What happens when an oil spill on a river ignites? Check out this stunning videos from Moscow, Russia.
River fires holds a special place in the history of the environmental movement, especially in the US. This is hardly the first time such a spectacle has occurred. Those familiar with history will recall the infamous Cuyahoga river in Ohio. Once considered the “most polluted river in the US”, the Cuyahoga river caught on fire, a lot. In 1969, TIME magazine ran a cover story on the river that burns (the river caught on fire in June of that year, but the cover photo was actually from an early fire). The concept of water polluted to the point of flammability shocked The conscience of the nation was so shocked that drastic political action was spurred. Many argue it was keystone event that led to the Clean Water Act (which governs the protection of our surface waters to this day) as well as the creation of the Environmental Protection Agency.
Today Pope Francis released a unique and striking encyclical, the highest form of papal doctrine, addressing a wide breadth of ecological concerns. The document is notably ambitious in scope, wonderfully clear and concise, and passionate in its call for environmental stewardship and the development of a new moral ecology with greater concern for the Earth. Pope Francis, who worked as a chemist before entering the seminary, stands firmly with modern science; the document leaves no doubt that humans are responsible for the rapid degradation of the environment witnessed over the last 200 years. I was particularly impressed with the inclusion of social, economic, political, moral and cultural discussions that are fundamental to solving the environmental crisis we face. As a whole, I felt the encyclical made a convincing moral, ethical, and practical argument for drastic change in our relationship to the earth.
It’s wonderful to see so much attention brought to these fundamentally important issues. The coverage in the news has been widespread; even the presidential candidates have made (rather bland) remarks concerning the document.
The best opinion is an informed opinion; read the encyclical yourself. Unlike most encyclicals, which are addressed to Christendom, this encyclical is addressed to all the people of the earth, regardless of faith. You can read the encyclical on the Vatican’s website here.
Dams devastate river systems; fish can’t migrate, the natural hydrology is altered, temperatures change, sediment transport is prevented. The removal of unnecessary dams is a wonderful way to revitalize river systems. Several dams have been removed in the Pacific Northwest in the last few years. Check out this stunning video of the Condit Dam being removed from the White Salmon river in Washington state.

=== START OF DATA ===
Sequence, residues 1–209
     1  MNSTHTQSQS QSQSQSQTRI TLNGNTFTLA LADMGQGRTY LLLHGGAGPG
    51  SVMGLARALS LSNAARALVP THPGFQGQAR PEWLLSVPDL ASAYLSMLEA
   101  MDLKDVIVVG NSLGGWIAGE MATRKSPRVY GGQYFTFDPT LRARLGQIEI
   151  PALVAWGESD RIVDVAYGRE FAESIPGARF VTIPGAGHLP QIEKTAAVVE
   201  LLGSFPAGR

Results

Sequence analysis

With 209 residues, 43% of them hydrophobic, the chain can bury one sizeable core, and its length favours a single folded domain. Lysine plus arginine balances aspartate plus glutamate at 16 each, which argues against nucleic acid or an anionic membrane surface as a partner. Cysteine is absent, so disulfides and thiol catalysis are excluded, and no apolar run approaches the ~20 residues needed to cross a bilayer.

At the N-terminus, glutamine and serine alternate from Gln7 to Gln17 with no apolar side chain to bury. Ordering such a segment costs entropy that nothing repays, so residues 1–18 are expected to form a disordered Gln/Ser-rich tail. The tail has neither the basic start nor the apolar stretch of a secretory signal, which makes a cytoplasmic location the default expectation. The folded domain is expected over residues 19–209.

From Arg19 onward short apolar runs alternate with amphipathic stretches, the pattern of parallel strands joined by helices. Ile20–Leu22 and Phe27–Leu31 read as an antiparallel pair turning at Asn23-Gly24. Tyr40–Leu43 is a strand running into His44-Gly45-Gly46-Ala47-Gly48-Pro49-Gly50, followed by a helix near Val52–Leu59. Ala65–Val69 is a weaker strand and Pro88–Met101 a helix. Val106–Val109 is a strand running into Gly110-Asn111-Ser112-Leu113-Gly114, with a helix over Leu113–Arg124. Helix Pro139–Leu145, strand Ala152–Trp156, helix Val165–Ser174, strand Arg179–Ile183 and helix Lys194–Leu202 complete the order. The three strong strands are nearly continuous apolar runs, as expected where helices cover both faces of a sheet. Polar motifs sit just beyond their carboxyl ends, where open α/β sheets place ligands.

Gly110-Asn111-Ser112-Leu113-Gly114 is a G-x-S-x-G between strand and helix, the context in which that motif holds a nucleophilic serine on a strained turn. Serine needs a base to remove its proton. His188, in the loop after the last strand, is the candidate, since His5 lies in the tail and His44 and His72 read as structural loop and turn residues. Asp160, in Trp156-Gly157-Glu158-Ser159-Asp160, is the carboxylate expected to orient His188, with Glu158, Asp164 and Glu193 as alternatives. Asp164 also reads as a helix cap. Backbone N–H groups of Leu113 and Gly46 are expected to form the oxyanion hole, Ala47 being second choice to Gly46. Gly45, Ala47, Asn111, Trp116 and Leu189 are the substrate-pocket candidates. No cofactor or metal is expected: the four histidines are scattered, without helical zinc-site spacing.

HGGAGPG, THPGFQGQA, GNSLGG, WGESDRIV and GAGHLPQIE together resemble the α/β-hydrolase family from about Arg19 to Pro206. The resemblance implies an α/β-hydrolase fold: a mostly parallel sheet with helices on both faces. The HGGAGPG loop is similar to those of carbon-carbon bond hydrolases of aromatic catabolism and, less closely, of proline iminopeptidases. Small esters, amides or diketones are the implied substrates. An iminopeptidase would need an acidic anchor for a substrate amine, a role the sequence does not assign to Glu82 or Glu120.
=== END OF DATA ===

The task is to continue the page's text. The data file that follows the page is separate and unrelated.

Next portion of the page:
What if you could help restore the Colorado River, simply by watching a video and taking a pledge?
In two minutes you can restore 1,000 gallons to this once mighty river, and learn how to save more water every single day.
“Because past environmental destruction was the result of ignorance, we can easily forgive it. Today, we are better informed. Therefore, it’s essential that we make an ethical examination of what we have inherited, what we are responsible for, and what we will pass on to coming generations.” – Dalai Lama 3.24.2015
The headlines in space news are all about Mars these days, but NASA is doing some seriously cool science here on Earth too. This last January NASA launched SMAP, a satellite designed to measure soil moisture from orbit.
Beavers have been historically trapped for fur and killed to prevent them from building dams. Environmental managers now recognize the important role these creatures play in wetland ecosystems. Watch this amazing time-lapse from Oregon Metro of beavers and nutria constructing a dam together (guest appearance from some amazing birds).
A heartwarming story of students embracing, learning, and protecting nature. In this case, a ground bee the students have dubbed “tickle bees”. Enjoy this short video from the Xerces Society and KATU news.
Sea Sparkle (also know as Sea Ghost or Fire of Sea) is a natural phenomenon caused by Noctiluca Scintillas, a bioluminescent algae that occurs in ocean waters around the world. These tiny sea creatures feed on plankton, and when disturbed by waves can produce a wonderful and eerie blue light (using the same chemical reaction that makes fireflies glow). However, don’t let the beautiful glow fool you, Noctiluca Scintillas produces a powerful neurotoxin and is a sign of poor water quality.